Wednesday, February 1, 2012

What Does the Bureau of Labor Statistics Have to Say About Public Relations?

Catching up on industry trends is a Sunday ritual for me; I invest into my Twitter, read articles from my favorite PR sites, and even browse Google News to stay current. While I was tapping into my inner blogging spirit for my next post, I stumbled upon the Bureau of Labor Statistics and found their job description of a PR professional. What is interesting is that after an evaluation of the site I arrived at the conclusion that the government is setting industry standards as well as creating future jobs. They are transforming the industry by acting as a catalyst for future Public Relations jobs, essentially acting as a brand ambassador representing the field of public relations.

The Bureau of Labor Statistic reports on the nature of the work, training, other qualifications, and advancements. They also look at employment, job outlook, projections, earnings, wages, and related occupations (which may surprise you).
In the “Nature of Work” section, it explains the public relations industry and describes the vastly different tasks of a PR professional, ranging from media, community, consumer, industry, government to political campaigns, conflict mediation, and employee and investor relations. They also describe in depth, the difference between a public relations professional that works for the government as oppose to a corporate environment. Another interesting note under this section is work environment, described as busy and stressful (yup they nailed that one). However, a few things that the Bureau of Labor Statistic fails to mention are agency PR and our newest work with social media.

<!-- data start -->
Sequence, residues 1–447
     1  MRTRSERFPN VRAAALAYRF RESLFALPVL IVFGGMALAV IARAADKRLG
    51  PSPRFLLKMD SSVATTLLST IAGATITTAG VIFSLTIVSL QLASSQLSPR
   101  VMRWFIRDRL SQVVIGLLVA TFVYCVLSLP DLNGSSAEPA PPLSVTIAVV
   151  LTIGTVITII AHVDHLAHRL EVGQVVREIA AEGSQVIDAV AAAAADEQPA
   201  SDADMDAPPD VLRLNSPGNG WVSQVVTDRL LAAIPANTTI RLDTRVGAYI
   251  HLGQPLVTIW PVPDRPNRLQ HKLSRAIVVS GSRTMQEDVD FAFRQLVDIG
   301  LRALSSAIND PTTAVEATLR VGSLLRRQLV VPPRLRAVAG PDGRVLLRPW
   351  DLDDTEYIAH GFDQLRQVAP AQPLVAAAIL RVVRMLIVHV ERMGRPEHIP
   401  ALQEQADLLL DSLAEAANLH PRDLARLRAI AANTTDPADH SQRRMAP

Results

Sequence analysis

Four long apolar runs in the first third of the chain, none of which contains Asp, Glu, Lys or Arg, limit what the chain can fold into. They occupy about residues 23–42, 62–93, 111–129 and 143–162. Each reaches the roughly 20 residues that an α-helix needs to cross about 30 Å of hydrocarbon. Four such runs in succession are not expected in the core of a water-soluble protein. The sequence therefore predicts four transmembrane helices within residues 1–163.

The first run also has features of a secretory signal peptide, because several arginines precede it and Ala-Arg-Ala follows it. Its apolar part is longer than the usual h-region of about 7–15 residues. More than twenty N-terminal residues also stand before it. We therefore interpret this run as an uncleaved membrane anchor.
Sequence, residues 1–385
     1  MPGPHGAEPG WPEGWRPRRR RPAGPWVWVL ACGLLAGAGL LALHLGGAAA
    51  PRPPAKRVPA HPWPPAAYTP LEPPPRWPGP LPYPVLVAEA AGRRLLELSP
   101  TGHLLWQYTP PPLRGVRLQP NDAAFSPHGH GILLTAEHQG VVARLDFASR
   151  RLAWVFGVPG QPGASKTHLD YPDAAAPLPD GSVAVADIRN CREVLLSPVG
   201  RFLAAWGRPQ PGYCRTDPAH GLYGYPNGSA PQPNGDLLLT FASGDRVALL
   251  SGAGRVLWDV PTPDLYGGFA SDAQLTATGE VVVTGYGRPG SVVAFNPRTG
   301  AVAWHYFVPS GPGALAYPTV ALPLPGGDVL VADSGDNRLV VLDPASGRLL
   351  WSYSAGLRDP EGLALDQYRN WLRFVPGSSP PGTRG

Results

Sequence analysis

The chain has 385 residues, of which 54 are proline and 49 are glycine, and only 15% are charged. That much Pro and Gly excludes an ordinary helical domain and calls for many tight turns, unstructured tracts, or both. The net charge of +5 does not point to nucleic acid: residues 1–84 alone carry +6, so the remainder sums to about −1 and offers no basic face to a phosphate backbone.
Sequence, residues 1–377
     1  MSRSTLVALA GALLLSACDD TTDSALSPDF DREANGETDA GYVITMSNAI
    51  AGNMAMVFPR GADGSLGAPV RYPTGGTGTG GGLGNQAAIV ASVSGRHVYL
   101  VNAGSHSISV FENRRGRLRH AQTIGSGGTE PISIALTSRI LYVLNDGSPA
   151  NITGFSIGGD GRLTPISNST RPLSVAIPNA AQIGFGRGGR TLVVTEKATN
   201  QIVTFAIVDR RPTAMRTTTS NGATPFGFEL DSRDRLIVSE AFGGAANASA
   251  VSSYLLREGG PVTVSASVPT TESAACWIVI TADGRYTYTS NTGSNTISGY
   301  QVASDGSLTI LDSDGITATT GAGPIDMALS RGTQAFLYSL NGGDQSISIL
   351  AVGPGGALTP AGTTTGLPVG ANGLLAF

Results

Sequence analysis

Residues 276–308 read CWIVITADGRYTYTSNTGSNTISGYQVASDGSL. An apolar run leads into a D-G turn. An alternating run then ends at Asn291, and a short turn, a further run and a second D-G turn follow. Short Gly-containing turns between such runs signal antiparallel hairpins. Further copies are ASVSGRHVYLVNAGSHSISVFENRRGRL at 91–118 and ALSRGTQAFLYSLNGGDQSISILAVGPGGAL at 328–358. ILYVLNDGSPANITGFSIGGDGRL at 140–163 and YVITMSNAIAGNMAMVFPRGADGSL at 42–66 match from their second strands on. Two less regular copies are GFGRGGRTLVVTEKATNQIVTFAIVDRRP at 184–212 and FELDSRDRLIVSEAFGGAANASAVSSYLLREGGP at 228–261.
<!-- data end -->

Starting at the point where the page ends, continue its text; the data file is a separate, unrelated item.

The education section notes the various degrees one can have to perform PR as well as higher degrees one can obtain in the PR field such as an APR certificate. They also mention the importance of internships and membership in local chapters, such as our very own PRSSA. However the biggest qualification mentioned throughout the entire section are communication skills.
The employment and job outlook section also serve as key facts, stating that many PR jobs are centered in large popular cities such as New York, Los Angeles, San Francisco, Chicago, and Washington D.C. Luckily for us, the current job outlook is hopeful for entry-level positions.
Finally the related occupations section, based on statistics and opinion from Bureau are as follows: Advertising, sales managers, survey researchers, news analysts, wholesale and manufacturing representatives, and the kicker, lawyer.

Do you think this matches what we now know as “PR”?

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